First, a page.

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Yet another wildfire, and yet another denial of the truth

On Wednesday, a wildfire broke out on Marsden Moor near Saddleworth Moor. Saddleworth, of course, was the location of a particularly fierce moorland fire in 2018, which burned for three weeks, and forced over 150 people to be evicted from their homes.

Fortunately, thanks to quick thinking from fire crews and volunteers, Wednesday’s wildfire was brought under control rapidly. But the odd similarity between the two fires is that both the 2018 fire and the one this week is that both broke out on moorland that was unmanaged. At the time of the Saddleworth Moor fire, the RSPB’s moorland management policy – which does not include controlled burning of heather and scrub – was questioned. As now, it was in the middle of a dry spell, and warnings had been put out about the risks of moorland fires.

The fire at Marsden this week was on National Trust land; land on which controlled burning isn’t used. “Instead of using controlled burning, we focus on re-wetting the moorland to reduce the risk of fire spreading” state the National Trust, arguing that with cool burns, the “fire can also kill insects and animals such as small mammals and reptiles”.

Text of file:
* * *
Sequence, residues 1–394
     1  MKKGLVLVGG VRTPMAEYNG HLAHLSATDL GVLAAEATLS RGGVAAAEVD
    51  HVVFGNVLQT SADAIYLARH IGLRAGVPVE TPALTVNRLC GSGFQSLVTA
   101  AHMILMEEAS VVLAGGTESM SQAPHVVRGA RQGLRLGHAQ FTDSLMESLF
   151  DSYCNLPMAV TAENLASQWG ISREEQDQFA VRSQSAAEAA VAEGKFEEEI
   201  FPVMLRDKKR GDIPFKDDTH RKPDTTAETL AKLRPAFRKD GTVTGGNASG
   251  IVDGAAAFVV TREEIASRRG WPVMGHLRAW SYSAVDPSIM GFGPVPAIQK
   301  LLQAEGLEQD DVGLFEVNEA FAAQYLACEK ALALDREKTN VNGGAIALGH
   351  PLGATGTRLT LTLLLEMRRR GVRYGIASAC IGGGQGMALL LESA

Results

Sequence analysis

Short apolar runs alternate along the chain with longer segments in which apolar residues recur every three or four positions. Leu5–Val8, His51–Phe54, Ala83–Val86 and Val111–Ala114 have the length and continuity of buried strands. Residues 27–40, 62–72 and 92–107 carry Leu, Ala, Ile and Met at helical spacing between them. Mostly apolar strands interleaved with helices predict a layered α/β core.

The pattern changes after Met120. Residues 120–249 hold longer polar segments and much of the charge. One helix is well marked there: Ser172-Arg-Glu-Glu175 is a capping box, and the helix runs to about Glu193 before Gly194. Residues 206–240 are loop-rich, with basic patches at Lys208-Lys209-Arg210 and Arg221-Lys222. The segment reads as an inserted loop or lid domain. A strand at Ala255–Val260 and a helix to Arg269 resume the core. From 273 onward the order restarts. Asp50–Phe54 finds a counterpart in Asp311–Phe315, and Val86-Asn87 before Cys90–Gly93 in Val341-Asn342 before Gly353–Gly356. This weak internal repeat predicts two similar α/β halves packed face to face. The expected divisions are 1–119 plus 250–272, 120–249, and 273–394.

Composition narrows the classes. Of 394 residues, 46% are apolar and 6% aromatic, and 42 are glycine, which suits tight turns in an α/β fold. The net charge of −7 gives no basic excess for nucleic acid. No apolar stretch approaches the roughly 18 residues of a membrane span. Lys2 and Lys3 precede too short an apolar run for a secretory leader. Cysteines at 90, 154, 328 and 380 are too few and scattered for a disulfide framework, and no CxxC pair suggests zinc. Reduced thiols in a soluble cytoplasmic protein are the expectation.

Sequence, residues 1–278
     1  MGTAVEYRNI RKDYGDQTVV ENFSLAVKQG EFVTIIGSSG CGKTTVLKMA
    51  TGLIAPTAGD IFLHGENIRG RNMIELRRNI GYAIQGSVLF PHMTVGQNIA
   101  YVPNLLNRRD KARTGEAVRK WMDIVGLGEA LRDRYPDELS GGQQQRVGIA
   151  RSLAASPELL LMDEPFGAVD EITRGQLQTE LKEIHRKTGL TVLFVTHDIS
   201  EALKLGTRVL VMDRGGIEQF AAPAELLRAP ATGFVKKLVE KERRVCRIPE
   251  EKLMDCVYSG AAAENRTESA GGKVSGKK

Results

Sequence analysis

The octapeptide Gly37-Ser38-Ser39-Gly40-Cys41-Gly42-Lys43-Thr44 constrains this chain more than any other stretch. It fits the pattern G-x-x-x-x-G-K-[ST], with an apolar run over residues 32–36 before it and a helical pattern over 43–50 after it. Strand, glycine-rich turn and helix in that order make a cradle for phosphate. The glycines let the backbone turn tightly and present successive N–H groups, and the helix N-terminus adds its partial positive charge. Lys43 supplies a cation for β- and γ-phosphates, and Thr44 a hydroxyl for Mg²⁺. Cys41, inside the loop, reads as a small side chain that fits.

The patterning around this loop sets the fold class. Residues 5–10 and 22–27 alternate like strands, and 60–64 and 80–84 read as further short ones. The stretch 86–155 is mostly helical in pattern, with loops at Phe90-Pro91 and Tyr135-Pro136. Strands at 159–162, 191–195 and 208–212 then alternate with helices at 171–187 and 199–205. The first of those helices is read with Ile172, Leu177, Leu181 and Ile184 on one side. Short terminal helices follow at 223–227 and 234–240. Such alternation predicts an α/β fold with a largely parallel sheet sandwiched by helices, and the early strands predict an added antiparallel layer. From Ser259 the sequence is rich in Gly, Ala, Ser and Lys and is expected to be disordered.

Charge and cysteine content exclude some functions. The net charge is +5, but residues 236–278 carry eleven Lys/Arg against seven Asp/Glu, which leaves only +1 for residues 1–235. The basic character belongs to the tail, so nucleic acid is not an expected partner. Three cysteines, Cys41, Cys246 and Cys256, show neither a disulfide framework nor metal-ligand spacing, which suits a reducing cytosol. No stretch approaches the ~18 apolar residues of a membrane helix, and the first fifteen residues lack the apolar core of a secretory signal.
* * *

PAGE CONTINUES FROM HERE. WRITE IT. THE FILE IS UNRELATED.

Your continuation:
It is worth mentioning perhaps that Marsden Moor was the scene of a number of wildfires in 2019 as well, the largest of which damaged 700 hectares of moorland and took four days to put out. The National Trust asked for donations to help cover the cost of the repairs, which they estimate at £500,000 for all of the 2019 fires.

The sad thing that all of this devastation would be far less likely to have occurred had the Trust practised proper moorland management, including the use of cool burns to remove dead and old vegetation which provides a fuel load for wildfires, and to create fire breaks which stop them in their tracks if they do start. This would surely make more sense than the current practice, which appears to be to provide near-optimum conditions for wildfires, and then pay to have the outcome ‘fixed’. The sad thing is that no amount of money can bring back the habitats destroyed by these wildfires, or the birds’ nests and eggs, and insect life.

In a piece in the Manchester Evening News, Craig Best, countryside manager for the National Trust confirms that “rangers and volunteers found destroyed nests along with burnt remains of eggs and other animals that could not escape the flames”. The likes of the National Trust, along with Moorland Monitors and other campaigners, state that cool, managed burns can harm wildlife and precious moorland flora. But surely they can see that the alternative is a thousand times worse?


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